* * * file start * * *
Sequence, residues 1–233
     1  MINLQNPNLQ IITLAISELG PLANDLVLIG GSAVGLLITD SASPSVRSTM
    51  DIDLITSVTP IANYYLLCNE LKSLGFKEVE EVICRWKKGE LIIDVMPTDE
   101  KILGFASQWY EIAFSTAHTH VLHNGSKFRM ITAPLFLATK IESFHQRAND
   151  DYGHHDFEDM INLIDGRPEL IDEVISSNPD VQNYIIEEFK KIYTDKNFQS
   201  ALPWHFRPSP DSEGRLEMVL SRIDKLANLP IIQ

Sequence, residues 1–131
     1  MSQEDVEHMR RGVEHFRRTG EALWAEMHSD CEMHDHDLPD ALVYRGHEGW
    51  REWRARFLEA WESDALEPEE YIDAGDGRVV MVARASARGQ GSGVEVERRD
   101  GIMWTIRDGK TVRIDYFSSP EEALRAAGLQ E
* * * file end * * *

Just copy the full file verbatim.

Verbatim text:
Sequence, residues 1–233
     1  MINLQNPNLQ IITLAISELG PLANDLVLIG GSAVGLLITD SASPSVRSTM
    51  DIDLITSVTP IANYYLLCNE LKSLGFKEVE EVICRWKKGE LIIDVMPTDE
   101  KILGFASQWY EIAFSTAHTH VLHNGSKFRM ITAPLFLATK IESFHQRAND
   151  DYGHHDFEDM INLIDGRPEL IDEVISSNPD VQNYIIEEFK KIYTDKNFQS
   201  ALPWHFRPSP DSEGRLEMVL SRIDKLANLP IIQ

Sequence, residues 1–131
     1  MSQEDVEHMR RGVEHFRRTG EALWAEMHSD CEMHDHDLPD ALVYRGHEGW
    51  REWRARFLEA WESDALEPEE YIDAGDGRVV MVARASARGQ GSGVEVERRD
   101  GIMWTIRDGK TVRIDYFSSP EEALRAAGLQ E